It is not uncommon for dietary recommendations to be made on the basis of just one or two of a food’s constituents. However, most things that pass our lips are complex chemical concoctions, which means that judging foodstuffs on just a small portion of what they contain may lead to not altogether accurate assessments of their likely effects on health. I recently spied an example of this misappliance of science in the Journal of Urology. Researchers found that dosing up individuals with pure caffeine brought about biochemical changes in their urine that would be expected to increase the risk of kidney stones. As a result of this discovery, the authors recommended strict limits on tea and coffee consumption for those with a history of kidney stones. In stark contrast to this advice, however, exist several studies that link tea and coffee quaffing with lower kidney stone risk.
The apparent ability of tea and coffee to protect against kidney stones is quite likely something to do with the fact that the principle component of these beverages is water. Drinking tea or coffee will stimulate fluid flow through the kidneys and bladder ” something that is likely to reduce the risk of stones. Of course, another option for those wanting to dilute their risk of kidney stones is simply to drink more water. One study found that this simple measure reduced the chances of kidney stone recurrence by more than half.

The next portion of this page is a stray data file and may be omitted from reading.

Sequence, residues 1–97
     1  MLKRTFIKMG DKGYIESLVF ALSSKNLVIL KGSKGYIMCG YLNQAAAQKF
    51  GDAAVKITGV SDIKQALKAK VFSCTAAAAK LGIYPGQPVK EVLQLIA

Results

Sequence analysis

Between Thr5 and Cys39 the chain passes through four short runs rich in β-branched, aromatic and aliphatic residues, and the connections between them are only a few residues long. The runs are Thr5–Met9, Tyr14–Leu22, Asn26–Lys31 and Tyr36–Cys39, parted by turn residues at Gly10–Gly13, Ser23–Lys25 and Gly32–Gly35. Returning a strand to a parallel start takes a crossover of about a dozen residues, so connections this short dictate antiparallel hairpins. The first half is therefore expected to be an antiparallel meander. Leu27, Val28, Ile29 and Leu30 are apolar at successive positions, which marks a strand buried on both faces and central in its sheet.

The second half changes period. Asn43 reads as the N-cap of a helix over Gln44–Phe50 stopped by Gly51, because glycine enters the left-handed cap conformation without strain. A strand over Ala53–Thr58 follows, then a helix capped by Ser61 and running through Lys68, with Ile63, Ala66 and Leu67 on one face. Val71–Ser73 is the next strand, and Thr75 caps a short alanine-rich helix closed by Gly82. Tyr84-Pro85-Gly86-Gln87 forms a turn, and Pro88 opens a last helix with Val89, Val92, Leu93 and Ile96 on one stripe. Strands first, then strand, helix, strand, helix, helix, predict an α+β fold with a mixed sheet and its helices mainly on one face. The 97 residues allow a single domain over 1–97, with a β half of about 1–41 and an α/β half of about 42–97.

Kidney stone risk is not only related to what we drink, but also what we eat. Stones come in several forms, with the most common being composed of the mineral calcium and a substance called oxalate. Individuals with a history of such stones may be therefore be advised to limit their consumption of calcium-rich foods (e.g. dairy products, seeds and green vegetables). However, like the recent warning regarding caffeinated brews, the recommendation to restrict calcium in the diet does not appear to be scientifically sound: studies show that individuals with higher intakes of calcium tend to be at reduced risk of calcium oxalate stones. Calcium is known to bind to oxalate in the gut, effectively barring its entry into the body. Scientists have theorised that it is through this mechanism that calcium in the diet actually protects against the formation of calcium oxalate stones.
Another route through to lowering oxalate levels in the body is to ensure a good intake of the nutrients magnesium and vitamin B6, as both of these help in the conversion of oxalate into other substances that do not contribute to stone formation. Nuts are rich in both magnesium and B6, and also contain useful quantities of the mineral potassium which has also been linked with a reduced risk of kidney stones. Other good sources of potassium include fruit and vegetables.
Studies in which individuals have supplemented with vitamin B6 and/or magnesium have generally produced promising results, with one study showing that a combination of these two nutrients reduced kidney stone recurrence by 90 per cent. For those seeking to optimise protection, I recommend supplementing with 400 ” 500 of magnesium and 25 ” 50 mg of vitamin B6 each day. The evidence suggests that nutritional approaches help ensure that those prone to kidney stones have no hard feelings.